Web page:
Communities Secretary Robert Jenrick said the recent rise in the number of coronavirus cases is "concerning".

He said: "Although we are encouraged to return to the workplace to support jobs, cafes and so on, we need to do so responsibly.

"As we approach the autumn and winter there is going to be even more responsibility on all of us to keep following the guidelines.

"Nobody wants to see a return to full national restrictions of the kind we had earlier this year."

Professor Jonathan Van-Tam said on Monday that the public had "relaxed too much" over the summer and described the rising number of cases were of "great concern".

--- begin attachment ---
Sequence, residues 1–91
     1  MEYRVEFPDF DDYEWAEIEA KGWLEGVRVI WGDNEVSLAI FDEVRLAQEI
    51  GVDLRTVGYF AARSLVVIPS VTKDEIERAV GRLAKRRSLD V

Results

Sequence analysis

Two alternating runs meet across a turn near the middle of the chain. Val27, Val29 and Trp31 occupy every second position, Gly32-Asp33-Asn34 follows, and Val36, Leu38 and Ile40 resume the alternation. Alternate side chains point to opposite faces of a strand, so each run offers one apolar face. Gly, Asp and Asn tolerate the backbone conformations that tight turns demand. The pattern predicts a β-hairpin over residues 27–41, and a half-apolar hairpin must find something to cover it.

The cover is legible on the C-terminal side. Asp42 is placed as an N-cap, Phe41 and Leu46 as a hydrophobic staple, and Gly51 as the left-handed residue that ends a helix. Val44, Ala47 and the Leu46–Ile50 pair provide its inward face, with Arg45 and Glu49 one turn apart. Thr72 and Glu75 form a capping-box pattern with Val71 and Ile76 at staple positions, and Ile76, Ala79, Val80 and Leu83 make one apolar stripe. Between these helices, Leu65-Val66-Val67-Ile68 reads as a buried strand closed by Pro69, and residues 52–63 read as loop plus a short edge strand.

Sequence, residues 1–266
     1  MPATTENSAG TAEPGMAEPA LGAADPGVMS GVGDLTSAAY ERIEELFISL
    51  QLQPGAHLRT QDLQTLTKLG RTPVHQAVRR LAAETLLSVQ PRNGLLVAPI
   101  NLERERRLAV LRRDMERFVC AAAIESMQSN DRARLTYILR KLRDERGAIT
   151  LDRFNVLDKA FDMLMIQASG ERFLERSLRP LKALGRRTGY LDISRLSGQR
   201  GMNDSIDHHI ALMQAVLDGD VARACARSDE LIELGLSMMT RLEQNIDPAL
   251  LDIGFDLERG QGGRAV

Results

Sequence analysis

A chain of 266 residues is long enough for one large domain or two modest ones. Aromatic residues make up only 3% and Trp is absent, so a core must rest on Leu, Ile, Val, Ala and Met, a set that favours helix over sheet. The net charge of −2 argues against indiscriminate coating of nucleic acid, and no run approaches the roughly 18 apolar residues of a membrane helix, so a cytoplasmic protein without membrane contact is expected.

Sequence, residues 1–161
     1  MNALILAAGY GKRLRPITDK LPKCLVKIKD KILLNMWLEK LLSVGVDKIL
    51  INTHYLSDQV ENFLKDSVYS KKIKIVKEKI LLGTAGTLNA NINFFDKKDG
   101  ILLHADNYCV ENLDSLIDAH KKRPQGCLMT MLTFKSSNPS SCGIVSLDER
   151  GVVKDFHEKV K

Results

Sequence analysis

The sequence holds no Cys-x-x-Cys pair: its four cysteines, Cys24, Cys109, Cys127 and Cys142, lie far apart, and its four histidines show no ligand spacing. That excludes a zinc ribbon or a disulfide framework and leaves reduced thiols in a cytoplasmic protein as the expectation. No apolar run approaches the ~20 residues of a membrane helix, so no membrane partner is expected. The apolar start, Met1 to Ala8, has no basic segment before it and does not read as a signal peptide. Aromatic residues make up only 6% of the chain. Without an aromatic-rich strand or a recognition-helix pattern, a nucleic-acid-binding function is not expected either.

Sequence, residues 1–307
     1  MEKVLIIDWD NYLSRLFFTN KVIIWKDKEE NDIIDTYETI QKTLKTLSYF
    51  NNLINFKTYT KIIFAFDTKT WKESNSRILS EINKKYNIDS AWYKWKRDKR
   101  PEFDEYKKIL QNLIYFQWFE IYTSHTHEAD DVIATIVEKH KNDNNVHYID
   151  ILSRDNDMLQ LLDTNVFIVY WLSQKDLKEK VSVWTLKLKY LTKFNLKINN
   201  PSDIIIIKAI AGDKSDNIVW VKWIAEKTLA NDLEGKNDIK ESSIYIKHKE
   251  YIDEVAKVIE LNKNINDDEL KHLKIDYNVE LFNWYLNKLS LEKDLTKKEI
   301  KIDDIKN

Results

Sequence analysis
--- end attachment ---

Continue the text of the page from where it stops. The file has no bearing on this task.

And he said if it is not taken seriously again, the UK will face "a bumpy ride over the next few months."

Public health consultant Dr Bharat Pankhania told LBC on Tuesday: “We won’t have a [second] national lockdown because we haven’t got the stamina for it.

“Our case numbers didn’t go down, down and down and remain so low that we couldn’t start opening up.

“We always maintained a background level of cases.

“Going forward to the autumn months I expect case numbers to go up especially with all the businesses opening up, schools opening up.

“I don’t mean to say we keep the country closed forever I mean we get our act together. If we enabled local testing and local contact tracing we would be in a much better place.”